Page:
Re: Question about temperature of each explosions

Date: Mon Oct 13 13:42:22 2008
Posted By: Joseph Weeks, Engineer
Area of science: Physics
ID: 1223724550.Ph
Message:
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There are two things involved in the temperature reached in an explosion.
The first one involves the concept of limits.

When a volcanic eruption takes place, hot magma and gases are released into
the atmosphere, and it can be pretty spectacular.  But, the energy release
results from essentially stored energy, in part due to gases being trapped
underground at high pressure. There is no chemical or nuclear reaction
taking place that would increase the temperature of the magma or gases.
So, if you have magma and gases stored underground at around 1,200C, the
melting point of the magma, then that is the maximum temperature that you
will see in a volcanic-based explosion.  Even magma directly in contact
with the outer core of the earth's mantle is apparently only 3,700C,
according to this reference:  http://www.sciencedaily.com/releases/2007/04/070406171041.htm

So, at its limits, a volcanic eruption can only release material at the
highest temperature that it is stored at.  If the magma started at 1,200C,
then a volcanic explosion will not produce temperatures of any materials
that exceed 1,200C.  (There might be some small chemical reactions that
take place when the magma hits the air, but it shouldn't change the
situation much, especially considering the masses involved, which gets us
to the second concept.)

With a nuclear or chemical explosion, energy is being released as a result
of a nuclear or chemical reaction.  A nuclear explosion releases a certain
amount of energy for every nuclear reaction.  In other words, every time an
atom undergoes fission or fusion, it releases a set amount of energy.
Similarly in a chemical reaction, every time an oxygen molecule reacts with
a hydrocarbon to produce water and carbon dioxide, a certain amount of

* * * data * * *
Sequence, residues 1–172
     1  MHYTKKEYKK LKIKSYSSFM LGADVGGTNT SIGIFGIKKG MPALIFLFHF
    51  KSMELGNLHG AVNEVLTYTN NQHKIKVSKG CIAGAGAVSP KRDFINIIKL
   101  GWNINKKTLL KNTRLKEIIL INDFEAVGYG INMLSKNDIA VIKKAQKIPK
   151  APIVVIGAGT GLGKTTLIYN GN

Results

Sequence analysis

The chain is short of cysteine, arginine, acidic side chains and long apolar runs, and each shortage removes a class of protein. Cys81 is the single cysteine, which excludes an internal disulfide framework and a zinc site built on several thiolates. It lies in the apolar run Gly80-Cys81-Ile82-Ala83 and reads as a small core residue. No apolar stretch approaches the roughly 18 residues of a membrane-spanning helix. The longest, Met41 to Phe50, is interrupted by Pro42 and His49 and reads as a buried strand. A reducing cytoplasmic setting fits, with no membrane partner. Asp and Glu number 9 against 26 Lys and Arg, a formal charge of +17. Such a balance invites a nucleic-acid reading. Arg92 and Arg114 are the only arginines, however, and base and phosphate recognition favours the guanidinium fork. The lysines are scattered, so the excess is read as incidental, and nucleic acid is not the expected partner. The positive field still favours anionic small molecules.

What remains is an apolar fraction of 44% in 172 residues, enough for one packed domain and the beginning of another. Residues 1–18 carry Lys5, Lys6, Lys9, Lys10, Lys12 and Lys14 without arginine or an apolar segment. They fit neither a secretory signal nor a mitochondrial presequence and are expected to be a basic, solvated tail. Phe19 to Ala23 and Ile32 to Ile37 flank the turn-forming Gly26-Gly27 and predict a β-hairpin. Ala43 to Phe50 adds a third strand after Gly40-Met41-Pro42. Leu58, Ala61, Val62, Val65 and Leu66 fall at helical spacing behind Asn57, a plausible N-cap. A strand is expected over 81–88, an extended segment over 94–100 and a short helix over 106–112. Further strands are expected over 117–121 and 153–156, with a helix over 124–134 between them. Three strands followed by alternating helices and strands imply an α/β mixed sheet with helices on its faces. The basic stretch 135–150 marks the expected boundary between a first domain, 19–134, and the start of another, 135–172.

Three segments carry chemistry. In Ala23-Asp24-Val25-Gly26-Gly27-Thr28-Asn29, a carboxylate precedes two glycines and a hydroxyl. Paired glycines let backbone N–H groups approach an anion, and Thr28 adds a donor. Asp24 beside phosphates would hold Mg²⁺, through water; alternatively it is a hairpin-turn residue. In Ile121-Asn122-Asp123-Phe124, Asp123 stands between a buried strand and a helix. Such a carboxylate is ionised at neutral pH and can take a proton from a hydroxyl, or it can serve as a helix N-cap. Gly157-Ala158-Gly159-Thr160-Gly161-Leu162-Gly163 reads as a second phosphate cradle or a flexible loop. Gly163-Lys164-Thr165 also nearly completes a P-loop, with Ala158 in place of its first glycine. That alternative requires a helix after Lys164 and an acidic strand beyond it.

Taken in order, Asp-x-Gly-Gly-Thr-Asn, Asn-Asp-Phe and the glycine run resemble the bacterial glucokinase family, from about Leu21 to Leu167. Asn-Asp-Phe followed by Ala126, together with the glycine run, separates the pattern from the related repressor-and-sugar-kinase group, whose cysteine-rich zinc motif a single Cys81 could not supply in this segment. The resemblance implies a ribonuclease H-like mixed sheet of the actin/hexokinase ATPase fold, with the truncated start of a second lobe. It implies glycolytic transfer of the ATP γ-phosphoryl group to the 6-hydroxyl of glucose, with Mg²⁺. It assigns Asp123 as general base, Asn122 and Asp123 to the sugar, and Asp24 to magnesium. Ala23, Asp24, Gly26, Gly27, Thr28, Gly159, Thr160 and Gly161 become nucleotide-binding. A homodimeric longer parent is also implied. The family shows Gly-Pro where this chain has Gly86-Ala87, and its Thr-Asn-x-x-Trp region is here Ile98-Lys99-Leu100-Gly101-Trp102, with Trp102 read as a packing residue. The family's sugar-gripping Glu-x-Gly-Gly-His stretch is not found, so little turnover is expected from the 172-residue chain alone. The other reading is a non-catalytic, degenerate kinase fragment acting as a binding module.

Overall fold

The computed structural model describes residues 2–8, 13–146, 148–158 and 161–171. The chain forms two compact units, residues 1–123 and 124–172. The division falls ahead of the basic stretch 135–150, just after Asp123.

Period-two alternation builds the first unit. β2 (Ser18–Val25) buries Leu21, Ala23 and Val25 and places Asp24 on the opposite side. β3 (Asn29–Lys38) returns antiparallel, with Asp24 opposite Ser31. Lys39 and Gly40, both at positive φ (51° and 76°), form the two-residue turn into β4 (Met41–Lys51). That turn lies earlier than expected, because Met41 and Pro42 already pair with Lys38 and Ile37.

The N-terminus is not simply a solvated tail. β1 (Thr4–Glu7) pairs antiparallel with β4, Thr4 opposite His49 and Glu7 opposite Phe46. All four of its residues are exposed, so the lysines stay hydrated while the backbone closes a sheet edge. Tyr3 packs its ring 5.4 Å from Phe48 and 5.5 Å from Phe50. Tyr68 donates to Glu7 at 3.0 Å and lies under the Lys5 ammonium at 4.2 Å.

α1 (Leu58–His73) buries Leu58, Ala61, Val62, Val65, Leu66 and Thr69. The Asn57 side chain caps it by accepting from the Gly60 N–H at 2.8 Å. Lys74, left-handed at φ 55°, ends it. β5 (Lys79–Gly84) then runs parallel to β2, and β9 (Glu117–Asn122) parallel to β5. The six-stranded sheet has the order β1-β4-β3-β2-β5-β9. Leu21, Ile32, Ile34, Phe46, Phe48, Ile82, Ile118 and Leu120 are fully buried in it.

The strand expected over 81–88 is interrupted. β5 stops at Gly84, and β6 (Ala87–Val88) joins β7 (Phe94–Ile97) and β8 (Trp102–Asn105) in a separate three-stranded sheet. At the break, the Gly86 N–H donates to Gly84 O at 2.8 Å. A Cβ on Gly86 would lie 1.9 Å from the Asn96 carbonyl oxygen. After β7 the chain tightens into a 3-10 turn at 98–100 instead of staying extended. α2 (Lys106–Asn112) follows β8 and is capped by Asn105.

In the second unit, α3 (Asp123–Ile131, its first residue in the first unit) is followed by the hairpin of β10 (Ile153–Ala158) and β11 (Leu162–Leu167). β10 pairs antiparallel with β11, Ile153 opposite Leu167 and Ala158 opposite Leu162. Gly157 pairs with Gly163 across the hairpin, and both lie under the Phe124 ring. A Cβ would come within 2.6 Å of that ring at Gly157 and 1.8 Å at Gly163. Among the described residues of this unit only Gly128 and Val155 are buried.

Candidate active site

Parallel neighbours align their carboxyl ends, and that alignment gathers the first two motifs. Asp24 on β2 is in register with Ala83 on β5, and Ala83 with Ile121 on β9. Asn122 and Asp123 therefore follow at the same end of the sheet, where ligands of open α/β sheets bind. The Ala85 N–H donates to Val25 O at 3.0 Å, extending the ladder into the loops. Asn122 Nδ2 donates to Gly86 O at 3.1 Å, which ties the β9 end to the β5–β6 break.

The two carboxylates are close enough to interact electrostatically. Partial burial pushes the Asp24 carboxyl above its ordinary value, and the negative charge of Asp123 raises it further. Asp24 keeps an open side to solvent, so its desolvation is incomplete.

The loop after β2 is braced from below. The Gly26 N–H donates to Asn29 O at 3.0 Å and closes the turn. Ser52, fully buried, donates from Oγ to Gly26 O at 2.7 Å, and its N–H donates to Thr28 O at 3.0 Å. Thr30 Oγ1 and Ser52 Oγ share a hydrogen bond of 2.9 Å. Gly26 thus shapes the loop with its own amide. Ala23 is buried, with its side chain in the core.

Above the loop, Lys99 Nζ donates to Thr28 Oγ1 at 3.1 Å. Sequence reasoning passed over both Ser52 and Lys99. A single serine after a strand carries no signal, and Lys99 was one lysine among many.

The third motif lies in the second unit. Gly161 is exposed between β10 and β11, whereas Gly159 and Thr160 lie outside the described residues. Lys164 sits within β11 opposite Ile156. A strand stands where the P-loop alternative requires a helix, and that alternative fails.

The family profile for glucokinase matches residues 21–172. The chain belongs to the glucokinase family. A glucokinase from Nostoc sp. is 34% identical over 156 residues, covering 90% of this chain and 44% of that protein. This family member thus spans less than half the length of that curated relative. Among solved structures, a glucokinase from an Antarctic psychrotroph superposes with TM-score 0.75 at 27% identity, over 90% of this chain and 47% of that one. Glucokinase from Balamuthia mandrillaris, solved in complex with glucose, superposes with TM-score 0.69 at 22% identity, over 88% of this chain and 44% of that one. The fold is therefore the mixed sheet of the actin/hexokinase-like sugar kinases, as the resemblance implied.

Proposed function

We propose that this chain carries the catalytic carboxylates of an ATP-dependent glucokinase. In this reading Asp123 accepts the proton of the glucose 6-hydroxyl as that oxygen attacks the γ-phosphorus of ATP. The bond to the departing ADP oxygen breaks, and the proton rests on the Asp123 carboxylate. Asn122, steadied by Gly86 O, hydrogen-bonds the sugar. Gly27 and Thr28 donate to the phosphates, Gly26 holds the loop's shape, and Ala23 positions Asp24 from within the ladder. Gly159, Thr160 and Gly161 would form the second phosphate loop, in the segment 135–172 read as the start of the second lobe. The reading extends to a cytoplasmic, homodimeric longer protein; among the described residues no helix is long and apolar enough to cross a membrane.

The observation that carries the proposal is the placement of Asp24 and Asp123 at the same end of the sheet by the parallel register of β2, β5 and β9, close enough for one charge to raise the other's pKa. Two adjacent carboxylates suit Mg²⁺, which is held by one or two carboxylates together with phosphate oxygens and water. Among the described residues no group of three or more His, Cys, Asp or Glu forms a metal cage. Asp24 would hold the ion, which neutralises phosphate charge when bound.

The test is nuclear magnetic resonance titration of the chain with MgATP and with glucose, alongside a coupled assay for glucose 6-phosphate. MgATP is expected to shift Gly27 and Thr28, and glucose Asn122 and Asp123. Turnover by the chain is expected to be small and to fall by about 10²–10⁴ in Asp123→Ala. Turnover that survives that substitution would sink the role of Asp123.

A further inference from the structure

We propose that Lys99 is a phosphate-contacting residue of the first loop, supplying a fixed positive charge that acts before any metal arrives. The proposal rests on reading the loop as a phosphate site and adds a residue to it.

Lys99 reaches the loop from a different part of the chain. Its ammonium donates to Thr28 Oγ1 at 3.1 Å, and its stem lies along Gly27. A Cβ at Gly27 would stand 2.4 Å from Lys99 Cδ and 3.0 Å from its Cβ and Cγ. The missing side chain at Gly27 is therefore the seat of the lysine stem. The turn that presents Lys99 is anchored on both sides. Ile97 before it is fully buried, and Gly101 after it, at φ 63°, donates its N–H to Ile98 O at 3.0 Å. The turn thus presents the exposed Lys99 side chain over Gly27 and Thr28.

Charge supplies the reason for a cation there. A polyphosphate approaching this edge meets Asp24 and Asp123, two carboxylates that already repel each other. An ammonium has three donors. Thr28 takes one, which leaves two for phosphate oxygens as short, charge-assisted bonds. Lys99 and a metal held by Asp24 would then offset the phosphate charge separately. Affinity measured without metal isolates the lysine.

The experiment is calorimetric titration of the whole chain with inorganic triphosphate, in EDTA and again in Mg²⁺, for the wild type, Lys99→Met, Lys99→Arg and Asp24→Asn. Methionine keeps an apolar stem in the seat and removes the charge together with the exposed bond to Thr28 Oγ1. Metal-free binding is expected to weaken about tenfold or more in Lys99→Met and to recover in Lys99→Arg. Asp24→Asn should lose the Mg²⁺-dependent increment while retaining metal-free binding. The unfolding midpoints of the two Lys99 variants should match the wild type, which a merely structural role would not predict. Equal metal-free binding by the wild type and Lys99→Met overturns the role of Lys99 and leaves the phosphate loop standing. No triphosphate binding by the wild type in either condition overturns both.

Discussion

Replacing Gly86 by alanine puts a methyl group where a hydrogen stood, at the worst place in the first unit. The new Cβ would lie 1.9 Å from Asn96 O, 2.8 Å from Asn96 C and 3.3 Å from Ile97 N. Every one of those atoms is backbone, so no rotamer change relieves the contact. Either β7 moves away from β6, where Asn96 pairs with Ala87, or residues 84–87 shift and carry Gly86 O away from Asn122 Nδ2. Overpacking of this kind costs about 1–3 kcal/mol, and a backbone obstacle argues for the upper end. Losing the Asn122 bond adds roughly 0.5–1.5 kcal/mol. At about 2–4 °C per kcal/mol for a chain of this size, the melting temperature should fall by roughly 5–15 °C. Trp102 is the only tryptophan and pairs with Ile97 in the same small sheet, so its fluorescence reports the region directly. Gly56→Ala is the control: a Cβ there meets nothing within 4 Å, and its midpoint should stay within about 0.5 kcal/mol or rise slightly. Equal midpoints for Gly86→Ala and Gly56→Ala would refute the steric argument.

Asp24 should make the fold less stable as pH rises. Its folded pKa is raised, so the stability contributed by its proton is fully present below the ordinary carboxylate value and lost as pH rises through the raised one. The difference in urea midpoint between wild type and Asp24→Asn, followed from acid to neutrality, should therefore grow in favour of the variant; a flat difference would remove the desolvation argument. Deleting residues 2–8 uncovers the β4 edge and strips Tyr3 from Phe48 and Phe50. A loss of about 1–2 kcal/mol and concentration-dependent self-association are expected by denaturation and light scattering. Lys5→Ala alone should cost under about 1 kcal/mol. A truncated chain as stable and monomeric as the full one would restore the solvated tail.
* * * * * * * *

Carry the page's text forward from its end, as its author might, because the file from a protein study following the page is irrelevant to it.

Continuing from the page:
energy is released.  In this case, the energy released is not based upon
the initial temperature of whatever is reacting.

With a candle flame, for example (you might think of it as a very, very
slow chemical explosion), oxygen reacts with the hydrocarbon fuel to make
water vapor and carbon dioxide.  In the process, nitrogen mixed in with the
oxygen in the air also gets heated up, so the temperature of a candle flame
is about 1,400C at its peak. (Gaydon, A. G., and Wolfhard, H. G., Flames:
Their Structure, Radiation and Temperature, 3rd ed., Chapman and Hall,
London (1970)).  Even if I build a bigger fire, the temperature still isn't
going to increase much, because the mass of the water vapor, carbon
dioxide, and nitrogen still remain in the same proportion to the amount of
heat given off.

We can reduce the amount of mass being heated by a candle flame by feeding
pure oxygen to the flame, rather than air.  Now, the products carrying away
heat from the reaction are just the water vapor and carbon dioxide (no
nitrogen).  As a result, the flame temperature would increase several
hundred degrees.

In a nuclear explosion, there are a very large number of nuclear events
happening in a short time, each tiny event adding a specific amount of
energy.  All that energy that is released can only do three things, given
the small amount of time available.  Energy can be directly released as
light and x-rays.  The energy can be used to heat up the bomb materials,
and the energy can be used to push the bomb and surrounding air out of the
way, forming a blast wave.  The bomb itself is relatively small in mass;
let's say the bomb only weighs 200 kg.  The specific heat of the bomb
materials are maybe similar to uranium, which has a specific heat of
0.12J/gK, a heat of fusion of 8.52 kJ/mole, and a heat of vaporization of
477 kJ/mole. (see http://www.chemicool.com/elements/uranium.html)

So, to heat one mole of a uranium bomb at 4203K will require
3930K*0.12J/gK*238g/mole= 112240J plus 8520J to melt it + 477000J to
vaporize it, or about 600,000J per mole.  So to vaporize the entire bomb of
840 moles of uranium is only going to take about 504 * 10^6 joules, and the
bomb is producing 4 * 10^16 joules.  So you have about 10 billion times
more energy available from the nuclear blast than what is needed to simply
vaporize the bomb at about 4000K.  No wonder that the temperatures of
nuclear explosions reach into the millions of degrees.

So the second limit on the temperature of an explosion is related to the
amount of mass that is involved or heated by the reaction. In a volcanic
explosion, there are millions of tons of mass involved in the eruption, so
even if the magma was producing heat through a chemical or nuclear
reaction, the temperature of the magma would not change appreciably since
the heat of the reaction would have to heat so much material.

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